7. Prepare for requirements workshops with business scenario descriptions and use-cases. Anyone can document standard processes – you need to tackle all the nasty cases that burn money and time when badly handled. This is where your main ROI will come from.

8. Never agree to a vendor’s implementation contract without stated deliverables and a price for each deliverable – one for each business objective. Do not accept vague promises to ‘help’ you deliver, ‘assist’ your team or ‘manage’ the objectives. You are paying the vendor to design, build, configure, populate, rectify, deliver, implement and guarantee the performance of your system – accept nothing less.

9. Vendors make a sizeable margin on license sales and may be encouraged to sell into quarterly targets. There is no sensible way to predict your client license requirements before analysis, design and organizational change are fully defined. It is perfectly feasible to start the application build on a 10-user system and add more seats on a just-in-time basis. You will be paying support fees on all licenses from day one of their purchase, which has zero ROI – do not allow the supplier to pressure you into buying licenses ahead of time.

10. You must resource your project properly. Ask in your office for anyone with 50% time to spare to put their hand up… Do not delude yourself that a major software project can be accomplished solely by process owners and super-users who already have a day job. Yes – you must put your best people into the design effort.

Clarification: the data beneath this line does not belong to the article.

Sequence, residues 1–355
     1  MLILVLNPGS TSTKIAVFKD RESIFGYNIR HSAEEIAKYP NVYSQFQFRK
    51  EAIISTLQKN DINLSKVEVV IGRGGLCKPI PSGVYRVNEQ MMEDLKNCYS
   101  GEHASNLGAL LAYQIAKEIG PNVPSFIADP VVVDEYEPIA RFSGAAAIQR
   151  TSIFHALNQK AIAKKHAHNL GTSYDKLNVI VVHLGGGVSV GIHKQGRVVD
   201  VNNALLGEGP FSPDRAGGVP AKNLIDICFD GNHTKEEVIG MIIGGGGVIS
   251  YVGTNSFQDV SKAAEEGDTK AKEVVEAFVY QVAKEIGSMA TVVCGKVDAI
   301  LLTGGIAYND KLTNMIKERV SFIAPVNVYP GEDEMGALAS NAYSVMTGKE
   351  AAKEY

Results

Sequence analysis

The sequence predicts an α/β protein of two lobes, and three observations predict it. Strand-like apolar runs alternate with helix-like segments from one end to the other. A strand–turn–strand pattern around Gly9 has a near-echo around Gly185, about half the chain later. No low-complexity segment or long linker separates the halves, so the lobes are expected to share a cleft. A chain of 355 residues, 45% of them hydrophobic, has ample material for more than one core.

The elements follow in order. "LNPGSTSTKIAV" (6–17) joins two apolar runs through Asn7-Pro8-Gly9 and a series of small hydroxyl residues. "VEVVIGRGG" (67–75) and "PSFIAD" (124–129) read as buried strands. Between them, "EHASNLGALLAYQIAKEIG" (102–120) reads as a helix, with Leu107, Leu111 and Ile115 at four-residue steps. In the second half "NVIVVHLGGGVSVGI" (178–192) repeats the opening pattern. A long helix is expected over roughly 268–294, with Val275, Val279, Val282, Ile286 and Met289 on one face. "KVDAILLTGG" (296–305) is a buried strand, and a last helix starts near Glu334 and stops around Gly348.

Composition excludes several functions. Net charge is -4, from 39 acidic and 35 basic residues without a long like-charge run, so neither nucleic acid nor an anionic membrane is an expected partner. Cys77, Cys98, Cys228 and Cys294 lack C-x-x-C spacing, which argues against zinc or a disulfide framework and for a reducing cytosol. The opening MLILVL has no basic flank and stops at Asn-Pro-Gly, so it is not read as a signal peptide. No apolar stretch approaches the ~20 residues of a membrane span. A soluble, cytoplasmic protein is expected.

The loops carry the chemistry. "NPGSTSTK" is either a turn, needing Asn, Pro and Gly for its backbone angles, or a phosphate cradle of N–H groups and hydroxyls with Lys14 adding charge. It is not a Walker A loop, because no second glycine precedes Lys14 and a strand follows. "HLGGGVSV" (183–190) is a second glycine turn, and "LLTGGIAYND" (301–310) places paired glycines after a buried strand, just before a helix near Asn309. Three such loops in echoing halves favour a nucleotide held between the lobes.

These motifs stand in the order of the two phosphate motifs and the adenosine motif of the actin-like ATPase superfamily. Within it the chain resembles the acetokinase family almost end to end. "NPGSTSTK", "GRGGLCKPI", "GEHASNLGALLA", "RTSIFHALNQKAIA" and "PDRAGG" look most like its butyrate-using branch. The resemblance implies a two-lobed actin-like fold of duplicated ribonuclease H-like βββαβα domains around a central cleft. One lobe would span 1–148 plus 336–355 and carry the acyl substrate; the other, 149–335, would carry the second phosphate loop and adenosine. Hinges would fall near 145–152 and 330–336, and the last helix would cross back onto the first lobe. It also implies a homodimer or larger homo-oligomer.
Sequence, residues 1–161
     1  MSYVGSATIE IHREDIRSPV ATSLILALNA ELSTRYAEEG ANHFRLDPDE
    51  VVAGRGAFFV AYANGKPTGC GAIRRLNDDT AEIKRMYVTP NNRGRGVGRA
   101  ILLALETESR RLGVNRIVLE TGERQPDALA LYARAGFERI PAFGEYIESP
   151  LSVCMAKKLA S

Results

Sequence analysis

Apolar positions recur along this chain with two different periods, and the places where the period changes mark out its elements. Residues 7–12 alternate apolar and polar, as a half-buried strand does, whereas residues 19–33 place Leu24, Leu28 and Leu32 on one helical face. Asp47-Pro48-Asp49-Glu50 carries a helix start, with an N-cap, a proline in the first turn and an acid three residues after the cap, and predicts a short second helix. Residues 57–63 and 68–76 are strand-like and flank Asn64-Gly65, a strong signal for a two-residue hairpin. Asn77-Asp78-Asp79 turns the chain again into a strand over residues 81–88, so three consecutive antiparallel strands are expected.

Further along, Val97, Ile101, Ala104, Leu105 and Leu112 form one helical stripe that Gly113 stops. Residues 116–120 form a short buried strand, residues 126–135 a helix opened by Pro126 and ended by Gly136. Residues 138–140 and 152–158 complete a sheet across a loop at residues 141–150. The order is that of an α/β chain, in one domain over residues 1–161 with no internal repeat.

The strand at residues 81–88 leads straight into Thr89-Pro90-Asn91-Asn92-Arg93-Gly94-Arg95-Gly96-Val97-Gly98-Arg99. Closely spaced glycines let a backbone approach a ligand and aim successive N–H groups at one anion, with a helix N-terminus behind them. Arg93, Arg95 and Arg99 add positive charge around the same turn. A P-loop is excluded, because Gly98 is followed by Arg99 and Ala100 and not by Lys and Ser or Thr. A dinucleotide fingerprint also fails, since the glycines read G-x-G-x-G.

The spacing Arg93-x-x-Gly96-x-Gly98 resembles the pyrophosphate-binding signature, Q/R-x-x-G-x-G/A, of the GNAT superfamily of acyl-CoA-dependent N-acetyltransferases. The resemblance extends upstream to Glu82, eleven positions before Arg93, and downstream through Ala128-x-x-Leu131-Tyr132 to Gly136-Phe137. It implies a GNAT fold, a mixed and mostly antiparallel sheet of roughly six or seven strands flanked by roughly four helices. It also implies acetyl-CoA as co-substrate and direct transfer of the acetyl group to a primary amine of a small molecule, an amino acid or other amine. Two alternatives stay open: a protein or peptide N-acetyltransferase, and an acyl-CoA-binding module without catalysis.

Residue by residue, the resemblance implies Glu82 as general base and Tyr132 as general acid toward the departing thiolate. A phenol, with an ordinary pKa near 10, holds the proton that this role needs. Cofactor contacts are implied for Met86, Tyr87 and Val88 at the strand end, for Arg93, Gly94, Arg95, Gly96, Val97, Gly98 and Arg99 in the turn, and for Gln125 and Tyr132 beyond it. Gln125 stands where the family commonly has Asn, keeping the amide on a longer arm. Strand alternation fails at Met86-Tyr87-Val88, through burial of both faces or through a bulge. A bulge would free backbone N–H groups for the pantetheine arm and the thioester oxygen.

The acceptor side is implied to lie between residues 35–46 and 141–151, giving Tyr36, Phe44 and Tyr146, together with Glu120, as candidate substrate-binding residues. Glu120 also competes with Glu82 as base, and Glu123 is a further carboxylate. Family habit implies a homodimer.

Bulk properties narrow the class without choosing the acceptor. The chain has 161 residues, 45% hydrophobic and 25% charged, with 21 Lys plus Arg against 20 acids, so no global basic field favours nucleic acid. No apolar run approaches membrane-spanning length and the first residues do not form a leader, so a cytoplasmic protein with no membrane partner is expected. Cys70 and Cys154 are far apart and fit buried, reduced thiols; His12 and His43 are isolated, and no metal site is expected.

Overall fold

11. Do your data cleansing NOW. The single greatest cause of a go-live postponement is poorly planned and executed data migration. If you can’t sort out your data when the pressure is off, you don’t stand a chance when the heat is on.

12. Good people are expensive and vendors will want to spread their best people across several projects. They will not deliver optimum output on the odd days they are working for you. Insist that a team is put in place and stays in place for major work sprints.

13. Gear up adequately for the huge testing effort needed when your software build is delivered. If you can’t test software, configurations, migrated data and security settings promptly as they are being delivered, your warranty will have expired long before you find the defects.

14. Ensure that the vendor’s system can capture concise data for each business objective/work-stream, and insist on Monday-morning progress reports. These must state the percentage complete/time to finish. You must challenge slippage as soon as it occurs. Reserve the right to replace team members who don’t keep up.

15. Do not ignore project management – you will require a good project manager and so will the vendor – be prepared to finance both. Your project manager must be assertive and empowered to act decisively in order to get the project home. There is no space for sacred cows in an implementation.

Click for a free demo of AXAD, the Microsoft Dynamics AX system engineered for marketing and advertising agencies.

This article was written by Simon Barrett from Business2Community and was legally licensed through the NewsCred publisher network.